AP Begins Crediting Bloggers as News Sources
From The Next Web. In a major shift in policy, the Associated Press released an announcement to its affiliates that bloggers could and should be sited as news sources in AP stories.

3 iPad Apps that Reinvent News Reading
Jennifer Van Grove, writing on Mashable.com, reports on Pulse News, Flipboard and FLUD, 3 iPad apps that allow readers to customize their media reading experience and share information on social networks.

The Future of Social Media in Journalism
Vadim Lavrusik outlines some very provocative, but possibly accurate scenarios for how journalism will be affected by the evolution of social media and how it is impacting journalism.

Storyful.
Storyful uses professional curators to gather social and web content and produce a story out of it.

BONUS LINKS!

Can Twitter Make You a Better Editor?
Erin Everhart, a marketing associate for 352 Media Group and a freelance journalist, argues on the Journalistics blog that Twitter has forced writers to become better at editing their own work — especially when that work has a character count of 140!

Confessions of a Recovering Bookaholic
Victoria Vargas, author of the Smaller Living blog, discusses applying her philosophy of simpler living to her passion for collecting books. Good tips, and the comment stream includes a variety of solutions and perspectives on the importance of books in our lives.

Tagged , , , , , , , , , , , , ,

Write This Way, Condensed: Top Writing and Editing Links for February 10, 2010

Photo courtesy SXC.

I’ve had just a few moments this week to search out links… but the blog-o-sphere is positively ablaze with non-fiction writing news!

TALK: The Future Journalist–Thoughts from Two Generations

Sree Sreenivasan and Vadim Lavrusik present a savvy, rich talk about what specifically journalists and editors need to do to adapt their profession–with all its ethics and standards–to today’s technological and social media environment.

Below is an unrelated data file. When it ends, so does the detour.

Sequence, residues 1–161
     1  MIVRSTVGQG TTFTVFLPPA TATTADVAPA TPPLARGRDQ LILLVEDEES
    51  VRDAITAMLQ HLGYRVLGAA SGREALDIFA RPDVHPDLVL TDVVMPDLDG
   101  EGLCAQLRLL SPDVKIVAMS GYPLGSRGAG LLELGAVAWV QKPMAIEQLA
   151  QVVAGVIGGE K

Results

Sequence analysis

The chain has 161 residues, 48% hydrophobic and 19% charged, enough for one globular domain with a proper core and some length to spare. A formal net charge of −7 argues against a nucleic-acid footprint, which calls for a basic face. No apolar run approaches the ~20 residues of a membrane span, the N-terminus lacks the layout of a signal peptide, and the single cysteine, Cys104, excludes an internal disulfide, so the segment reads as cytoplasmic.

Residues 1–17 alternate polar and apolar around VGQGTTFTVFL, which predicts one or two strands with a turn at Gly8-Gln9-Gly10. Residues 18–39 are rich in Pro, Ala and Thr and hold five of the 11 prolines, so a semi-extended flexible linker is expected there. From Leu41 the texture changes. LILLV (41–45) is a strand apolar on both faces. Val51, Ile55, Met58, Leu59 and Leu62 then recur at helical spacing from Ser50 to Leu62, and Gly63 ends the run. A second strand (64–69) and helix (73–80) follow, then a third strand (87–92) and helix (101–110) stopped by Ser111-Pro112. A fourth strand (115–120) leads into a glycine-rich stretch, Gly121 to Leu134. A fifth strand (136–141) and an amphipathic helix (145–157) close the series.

News Site in a Box

A helpful toolkit from J-Learning.org that helps citizen journalists (or start-ups) create a credible news site using free or low-cost tools.

The Digital Book in Practice: Valentine’s 14 Languages, Multiple Formats, Wireless Delivery

Alex de Campi discusses the digital graphic novel she is collaborating on with artist Christine Larsen. Every month, readers pay 99 cents and get 70-75 screens of action, adventure and suspense. VERY COOL IDEA!

Better User Experience With Storytelling – Part One – Smashing Magazine

Deep, detailed post on traditional storytelling notions and how to employ them to improve user experiences on the Web. (And elsewhere.)

Welcome to the Virtual Antique Typewriter Museum

A cool online tribute to what the curators call the “ultimate writing machine.”

Tagged , , , , , , , , , , , , ,

Write This Way: Top Writing and Editing Links for January 12, 2010

Photo courtesy SXC.

Bloggers, like other writers, can make yearly resolutions, and one of mine related to my Write This Way link posts is to trim them down so readers can spend more time digesting and acting on the information I’ve linked to and less time reading.

In 2010, I’ll pick my top 2 links and comment on them each time we run Write This Way, and provide one additional bonus link for fun and edification. Be on the lookout for a new feature—Write This Way, Condensed—which will be a quick post of my favorite links of the moment, all presented “bonus link” style.

Let me know if you enjoy this new slimmer format, or if you see any writing or editing-related links you think need more exposure!